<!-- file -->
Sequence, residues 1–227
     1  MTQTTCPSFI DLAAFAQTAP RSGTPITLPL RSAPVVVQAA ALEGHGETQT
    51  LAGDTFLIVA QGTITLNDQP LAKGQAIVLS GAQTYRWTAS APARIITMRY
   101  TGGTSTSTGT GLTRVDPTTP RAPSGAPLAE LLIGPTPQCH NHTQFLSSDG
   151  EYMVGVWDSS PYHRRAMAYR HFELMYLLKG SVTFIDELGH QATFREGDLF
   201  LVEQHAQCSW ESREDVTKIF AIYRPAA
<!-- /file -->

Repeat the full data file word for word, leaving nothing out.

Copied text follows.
Sequence, residues 1–227
     1  MTQTTCPSFI DLAAFAQTAP RSGTPITLPL RSAPVVVQAA ALEGHGETQT
    51  LAGDTFLIVA QGTITLNDQP LAKGQAIVLS GAQTYRWTAS APARIITMRY
   101  TGGTSTSTGT GLTRVDPTTP RAPSGAPLAE LLIGPTPQCH NHTQFLSSDG
   151  EYMVGVWDSS PYHRRAMAYR HFELMYLLKG SVTFIDELGH QATFREGDLF
   201  LVEQHAQCSW ESREDVTKIF AIYRPAA